Scott Durham Associate Professor of French, Comparative Literature; Director of Graduate Studies in French
Scott Durham (Ph.D. Yale, 1992) is Associate Professor of French and Comparative Literature and Director of Graduate Studies in French, as well as being former Chair of the Department of French and Italian. His main interests are in 20th- and 21st-century literature, film, and theory, with particular emphasis on Foucault, Deleuze, and Rancière, as well as the Marxist critical tradition. He is the author of Phantom Communities: The Simulacrum and the Limits of Postmodernism (Stanford University Press) and the editor of a Yale French Studies issue on Jean Genet.
He is currently writing two books with the working titles Eurydice’s Gaze: Historicity, Memory and Untimeliness in Postwar Film and The Archive and the Monad: Deleuze and the Resistance to Postmodernism, as well as co-editing (with Dilip Gaonkar) a collection of essays, Distributions of the Sensible: Rancière, Between Aesthetics and Politics.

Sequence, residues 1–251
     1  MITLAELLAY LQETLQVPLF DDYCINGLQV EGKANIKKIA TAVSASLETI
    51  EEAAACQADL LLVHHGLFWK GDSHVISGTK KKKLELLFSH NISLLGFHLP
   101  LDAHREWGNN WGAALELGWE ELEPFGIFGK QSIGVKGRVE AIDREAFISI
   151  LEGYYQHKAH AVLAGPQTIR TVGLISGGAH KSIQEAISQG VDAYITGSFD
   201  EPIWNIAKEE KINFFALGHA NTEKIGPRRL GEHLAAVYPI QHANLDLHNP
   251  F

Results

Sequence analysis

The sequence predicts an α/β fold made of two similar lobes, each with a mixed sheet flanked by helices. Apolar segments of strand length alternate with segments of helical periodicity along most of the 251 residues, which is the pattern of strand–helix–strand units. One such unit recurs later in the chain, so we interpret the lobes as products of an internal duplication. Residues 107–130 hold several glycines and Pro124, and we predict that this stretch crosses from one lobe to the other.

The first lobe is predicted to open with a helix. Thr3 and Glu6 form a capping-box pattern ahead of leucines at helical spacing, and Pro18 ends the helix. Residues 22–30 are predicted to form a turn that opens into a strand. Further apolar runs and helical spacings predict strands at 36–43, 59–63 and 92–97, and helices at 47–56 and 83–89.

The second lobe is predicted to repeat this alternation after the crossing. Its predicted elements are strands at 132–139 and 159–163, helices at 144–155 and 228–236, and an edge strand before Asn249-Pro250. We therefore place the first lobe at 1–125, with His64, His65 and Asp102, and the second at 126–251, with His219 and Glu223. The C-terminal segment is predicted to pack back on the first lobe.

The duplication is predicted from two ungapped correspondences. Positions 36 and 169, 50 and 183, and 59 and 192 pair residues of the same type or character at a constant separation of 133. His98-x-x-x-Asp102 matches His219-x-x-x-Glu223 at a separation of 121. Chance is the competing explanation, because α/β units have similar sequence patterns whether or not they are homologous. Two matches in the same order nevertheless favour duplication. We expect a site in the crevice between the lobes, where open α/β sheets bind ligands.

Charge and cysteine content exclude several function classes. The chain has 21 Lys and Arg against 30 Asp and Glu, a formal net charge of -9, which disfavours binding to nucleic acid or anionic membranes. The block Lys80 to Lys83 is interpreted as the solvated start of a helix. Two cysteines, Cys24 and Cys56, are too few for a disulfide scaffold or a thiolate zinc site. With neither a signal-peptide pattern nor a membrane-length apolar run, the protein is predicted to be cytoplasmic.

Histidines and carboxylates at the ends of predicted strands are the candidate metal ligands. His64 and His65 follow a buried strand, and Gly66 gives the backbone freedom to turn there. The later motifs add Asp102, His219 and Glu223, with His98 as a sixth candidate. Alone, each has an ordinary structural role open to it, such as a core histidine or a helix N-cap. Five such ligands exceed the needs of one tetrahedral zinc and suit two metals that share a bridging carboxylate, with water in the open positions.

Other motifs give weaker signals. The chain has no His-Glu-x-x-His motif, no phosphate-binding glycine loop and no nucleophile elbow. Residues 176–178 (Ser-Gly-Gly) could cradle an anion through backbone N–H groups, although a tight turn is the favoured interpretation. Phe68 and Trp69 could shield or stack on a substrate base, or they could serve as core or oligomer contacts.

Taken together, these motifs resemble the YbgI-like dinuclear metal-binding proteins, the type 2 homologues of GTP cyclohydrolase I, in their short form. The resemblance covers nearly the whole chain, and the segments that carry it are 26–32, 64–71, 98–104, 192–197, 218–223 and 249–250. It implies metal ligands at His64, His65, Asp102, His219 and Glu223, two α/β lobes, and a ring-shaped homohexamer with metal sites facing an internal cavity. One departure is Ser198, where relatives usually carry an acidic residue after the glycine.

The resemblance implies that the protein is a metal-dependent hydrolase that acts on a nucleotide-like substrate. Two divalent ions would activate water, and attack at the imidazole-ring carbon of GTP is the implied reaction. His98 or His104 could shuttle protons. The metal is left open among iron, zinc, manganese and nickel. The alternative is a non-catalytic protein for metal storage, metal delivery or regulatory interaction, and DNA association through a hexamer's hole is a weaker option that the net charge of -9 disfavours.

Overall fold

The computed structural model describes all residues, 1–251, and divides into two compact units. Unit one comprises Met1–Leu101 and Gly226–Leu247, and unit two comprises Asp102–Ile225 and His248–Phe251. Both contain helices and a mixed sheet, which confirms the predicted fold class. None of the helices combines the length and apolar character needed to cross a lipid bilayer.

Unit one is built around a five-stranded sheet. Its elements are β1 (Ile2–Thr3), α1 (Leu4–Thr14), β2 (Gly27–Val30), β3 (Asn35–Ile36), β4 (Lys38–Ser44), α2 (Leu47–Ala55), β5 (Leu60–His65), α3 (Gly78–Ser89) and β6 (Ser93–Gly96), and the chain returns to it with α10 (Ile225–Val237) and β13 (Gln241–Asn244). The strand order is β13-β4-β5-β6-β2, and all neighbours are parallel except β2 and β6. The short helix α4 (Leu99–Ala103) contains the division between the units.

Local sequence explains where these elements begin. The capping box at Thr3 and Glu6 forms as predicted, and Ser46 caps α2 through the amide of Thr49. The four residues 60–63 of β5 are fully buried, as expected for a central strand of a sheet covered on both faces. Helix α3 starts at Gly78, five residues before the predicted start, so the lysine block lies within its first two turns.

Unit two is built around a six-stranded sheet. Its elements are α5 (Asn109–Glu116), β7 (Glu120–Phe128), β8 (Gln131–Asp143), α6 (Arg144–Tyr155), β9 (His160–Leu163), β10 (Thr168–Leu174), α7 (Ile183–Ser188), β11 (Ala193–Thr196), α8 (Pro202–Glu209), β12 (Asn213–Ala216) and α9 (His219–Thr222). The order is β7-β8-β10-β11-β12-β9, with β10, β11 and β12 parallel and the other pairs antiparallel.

Among his recent publications are essays on the films of Jean-Luc Godard ("'An Accurate Description of What Has Never Occurred': History, Virtuality, and Fiction in Godard ", in the Wiley-Blackwell Companion to Jean-Luc Godard), Michael Haneke ("Codes Unknown: Haneke’s Serial Realism," in the collection On Michael Haneke) and Abderrahmane Sissako’s film Bamako ("The Center of the World is Everywhere": Bamako and the Scene of the Political" in World Picture (http://www.worldpicturejournal.com/WP_2/Durham.html).
Professor Durham's other publications include articles in such journals as October, Paragraph, Sites, Yale French Studies, L'Esprit Créateur, and Science-Fiction Studies. In addition to critical writing on literature and film, he has also done collaborative work with filmmaker Jeffrey Skoller on his film, The Promise of Happiness. Professor Durham has received the ASG Faculty Honor Roll Award, as well as serving as Jean Gimbel Lane Professor at the Alice Berline Kaplan Center for the Humanities.